The AUSMIN meeting between the respective foreign and defence ministers – Mike Pompeo, Mark Esper, Marise Payne and Linda Reynolds went beyond the usual formalities as both countries are deeply engaged and committed to the challenge presented by China. The US acknowledged Australia’s bravery in standing up to China’s threats and utilised the opportunity to model the AUS-US alliance, juxtaposing Australia’s support with the tepid support it has received from some of its other allies.

A commitment to stick closest when times are tough is the true test of any relationship. This year, Australia and America have continuously proven that the relationship is far more than mateship or an obligatory tradition, it is a world-class model of an alliance which is above personalities and greater than the challenges of the day.

Does American National Identity still exist in 2020?

Watching the state of affairs in the US over the past few months has left many of us in a state of paralysis. Our hearts have bled for the millions of American lives lost to COVID. The violent imagery of George Floyd’s last breath and subsequent violent riots and protests have poured across our screens. From an Australian perspective, it seems America has never been more politically and socially divided. One might argue that Americans have lost the connective national tissue which once bound them together.

In spite of the recent social and political upheaval we are observing within the United States, it is important to keep in mind that socio-cultural movements are nothing new for the American people. A glance at US history depicts numerous movements which have fought to uphold and actualise the rights of minorities. I argue that the social movements bubbling within America today such as Black Lives Matter do not undermine the notion of an American identity, rather they demonstrate the attempt of modern Americans to live up to the founding values of their nation. In this way, movements of social change can help the United States move closer towards actualising the hopes and dreams that the American founding fathers had for a new nation.

American national identity is built upon the unique and radical founding of the United States.   Unlike nations whose identity is based on shared ethnicity and ancestry, America was formed on the idea of “the essential dignity of the individual human being, and of certain inalienable rights to freedom and justice.” Though at the time of America’s founding, these admirable ideals were not realised for most citizens, American history has steadily embraced and began to live up to the freedoms expressed in seminal founding texts such as the Declaration of Independence and U.S Constitution. Leader’s such as Abraham Lincoln and Martin Luther King Jr. come to mind as men who enabled America to live up to their founding commitments by abolishing slavery and segregation. While America has never been perfectly aligned with its founding values, what appears to bind Americans together is a dedication to see the United States lives up to its founding values.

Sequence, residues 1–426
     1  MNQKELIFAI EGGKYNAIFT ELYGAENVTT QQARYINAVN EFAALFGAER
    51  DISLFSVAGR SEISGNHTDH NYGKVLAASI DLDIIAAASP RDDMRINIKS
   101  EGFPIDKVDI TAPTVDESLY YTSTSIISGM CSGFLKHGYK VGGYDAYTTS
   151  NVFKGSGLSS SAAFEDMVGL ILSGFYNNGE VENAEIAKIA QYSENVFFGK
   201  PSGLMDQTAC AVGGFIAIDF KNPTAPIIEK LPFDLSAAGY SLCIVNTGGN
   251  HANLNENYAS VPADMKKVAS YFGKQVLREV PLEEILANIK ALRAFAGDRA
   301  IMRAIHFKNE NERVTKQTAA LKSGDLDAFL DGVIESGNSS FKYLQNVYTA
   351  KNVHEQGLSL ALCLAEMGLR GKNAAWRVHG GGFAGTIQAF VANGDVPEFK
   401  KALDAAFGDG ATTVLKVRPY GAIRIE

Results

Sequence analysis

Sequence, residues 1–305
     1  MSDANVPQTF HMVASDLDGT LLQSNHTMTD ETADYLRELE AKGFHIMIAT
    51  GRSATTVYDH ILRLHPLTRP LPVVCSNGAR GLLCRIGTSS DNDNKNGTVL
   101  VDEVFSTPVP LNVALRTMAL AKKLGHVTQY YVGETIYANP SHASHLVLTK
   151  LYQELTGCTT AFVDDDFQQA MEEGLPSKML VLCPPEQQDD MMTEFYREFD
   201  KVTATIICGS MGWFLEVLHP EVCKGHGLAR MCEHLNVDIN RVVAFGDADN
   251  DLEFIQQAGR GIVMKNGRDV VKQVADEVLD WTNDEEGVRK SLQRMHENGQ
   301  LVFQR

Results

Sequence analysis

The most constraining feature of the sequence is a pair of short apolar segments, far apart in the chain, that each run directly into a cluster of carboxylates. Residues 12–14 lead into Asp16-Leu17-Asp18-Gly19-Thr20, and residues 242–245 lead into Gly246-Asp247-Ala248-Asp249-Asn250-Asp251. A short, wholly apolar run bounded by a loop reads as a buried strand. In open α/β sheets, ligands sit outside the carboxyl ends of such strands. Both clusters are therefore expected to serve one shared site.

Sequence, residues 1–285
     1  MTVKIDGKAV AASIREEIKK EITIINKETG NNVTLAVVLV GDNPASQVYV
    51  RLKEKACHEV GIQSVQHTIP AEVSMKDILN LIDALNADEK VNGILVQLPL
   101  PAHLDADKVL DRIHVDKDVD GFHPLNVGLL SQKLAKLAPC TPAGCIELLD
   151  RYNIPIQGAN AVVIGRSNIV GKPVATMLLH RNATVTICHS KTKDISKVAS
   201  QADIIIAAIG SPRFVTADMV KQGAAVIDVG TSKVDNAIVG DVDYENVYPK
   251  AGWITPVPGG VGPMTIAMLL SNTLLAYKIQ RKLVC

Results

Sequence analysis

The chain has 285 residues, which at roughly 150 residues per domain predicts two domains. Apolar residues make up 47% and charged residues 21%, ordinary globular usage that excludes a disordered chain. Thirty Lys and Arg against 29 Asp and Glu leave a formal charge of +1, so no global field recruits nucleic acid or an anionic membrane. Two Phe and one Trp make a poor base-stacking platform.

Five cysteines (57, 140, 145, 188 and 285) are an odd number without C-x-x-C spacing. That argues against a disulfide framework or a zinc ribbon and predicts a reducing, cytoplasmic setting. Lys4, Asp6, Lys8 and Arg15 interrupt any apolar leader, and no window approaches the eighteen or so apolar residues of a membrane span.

The idea of American identity is under constant pressure to change by those who experience barriers when attempting to access freedom and equality in the United States. Racism is one of these barriers that is deeply rooted within American history. The United States will always contend with the harsh reality that while European colonists could claim an American identity, people trafficked as slaves from Africa were not entitled to the same privileges. The practice of slavery continued in the United States until 1865 with the introduction of the 13th Amendment.  Following this, black Americans endured an entire century of racial persecution and discrimination before the promises of the Civil War were realised. While America’s Declaration of Independence and the Constitution proclaimed universal liberty, such documents coexisted alongside the exploitation and exclusion of black Americans. Despite an increasingly diverse US population and racial progress [evidenced through achievements such as the election of Barak Obama, the first African American president], some Americans argue that there is an entrenched racial component to American identity that divides whites and non-whites.